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Self-similarity and branching in group theory

Published online by Cambridge University Press:  07 May 2010

Rostislav Grigorchuk
Affiliation:
Department of Mathematics, Texas A&M University, MS–3368, College Station, TX 77843–3368, USA
C. M. Campbell
Affiliation:
University of St Andrews, Scotland
M. R. Quick
Affiliation:
University of St Andrews, Scotland
E. F. Robertson
Affiliation:
University of St Andrews, Scotland
G. C. Smith
Affiliation:
University of Bath
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Summary

Introduction

The idea of self-similarity is one of the most basic and fruitful ideas in mathematics of all times and populations. In the last few decades it established itself as the central notion in areas such as fractal geometry, dynamical systems, and statistical physics. Recently, self-similarity started playing a role in algebra as well, first of all in group theory.

Regular rooted trees are well known self-similar objects (the subtree of the regular rooted tree hanging below any vertex looks exactly like the whole tree). The self-similarity of the tree induces the self-similarity of its group of automorphisms and this is the context in which we talk about self-similar groups. Of particular interest are the finitely generated examples, which can be constructed by using finite automata. Groups of this type are extremely interesting and usually difficult to study as there are no general means to handle all situations. The difficulty of study is more than fairly compensated by the beauty of these examples and the wealth of areas and problems where they can be applied.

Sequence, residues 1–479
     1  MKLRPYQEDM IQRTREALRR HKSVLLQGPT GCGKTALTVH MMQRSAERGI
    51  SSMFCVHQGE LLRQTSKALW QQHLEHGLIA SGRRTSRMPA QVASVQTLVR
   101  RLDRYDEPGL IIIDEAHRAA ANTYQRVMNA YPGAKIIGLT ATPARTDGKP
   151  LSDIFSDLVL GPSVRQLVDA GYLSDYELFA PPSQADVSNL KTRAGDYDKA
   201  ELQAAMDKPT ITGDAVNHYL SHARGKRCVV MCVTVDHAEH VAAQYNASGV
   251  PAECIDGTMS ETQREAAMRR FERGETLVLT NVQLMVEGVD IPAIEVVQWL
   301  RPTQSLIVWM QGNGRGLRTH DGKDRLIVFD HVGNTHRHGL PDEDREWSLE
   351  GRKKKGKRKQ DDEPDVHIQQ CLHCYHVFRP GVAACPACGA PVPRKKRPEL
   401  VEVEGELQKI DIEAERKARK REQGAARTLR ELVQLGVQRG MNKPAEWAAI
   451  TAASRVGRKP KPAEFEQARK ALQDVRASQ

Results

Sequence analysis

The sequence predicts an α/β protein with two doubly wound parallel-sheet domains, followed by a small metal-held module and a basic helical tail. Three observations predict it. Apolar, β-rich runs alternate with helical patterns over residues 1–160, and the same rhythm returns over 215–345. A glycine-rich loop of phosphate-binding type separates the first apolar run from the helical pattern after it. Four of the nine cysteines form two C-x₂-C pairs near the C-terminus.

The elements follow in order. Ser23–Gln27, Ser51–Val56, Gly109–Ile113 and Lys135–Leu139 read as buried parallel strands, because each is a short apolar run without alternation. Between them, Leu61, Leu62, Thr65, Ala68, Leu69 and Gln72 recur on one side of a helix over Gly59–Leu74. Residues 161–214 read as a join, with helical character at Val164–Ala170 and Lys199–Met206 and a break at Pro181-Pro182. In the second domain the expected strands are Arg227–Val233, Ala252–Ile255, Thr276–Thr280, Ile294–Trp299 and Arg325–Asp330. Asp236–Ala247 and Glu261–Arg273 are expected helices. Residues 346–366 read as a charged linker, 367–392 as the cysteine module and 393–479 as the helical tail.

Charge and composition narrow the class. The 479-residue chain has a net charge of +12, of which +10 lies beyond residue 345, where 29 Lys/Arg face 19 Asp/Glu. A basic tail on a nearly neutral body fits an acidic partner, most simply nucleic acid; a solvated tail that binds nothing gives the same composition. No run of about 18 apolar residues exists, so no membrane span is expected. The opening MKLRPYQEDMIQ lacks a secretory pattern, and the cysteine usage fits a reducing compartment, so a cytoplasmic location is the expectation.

Branching is another idea that plays a major role in many areas, first of all in Probability Theory, where the study of branching processes is one of the main directions.

The idea of branching entered Algebra via the so called branch groups that were introduced by the first author at the Groups St Andrews Conference in Bath 1997.

Branch groups are groups that have actions “of branch type” on spherically homogeneous rooted trees.

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Publisher: Cambridge University Press
Print publication year: 2007

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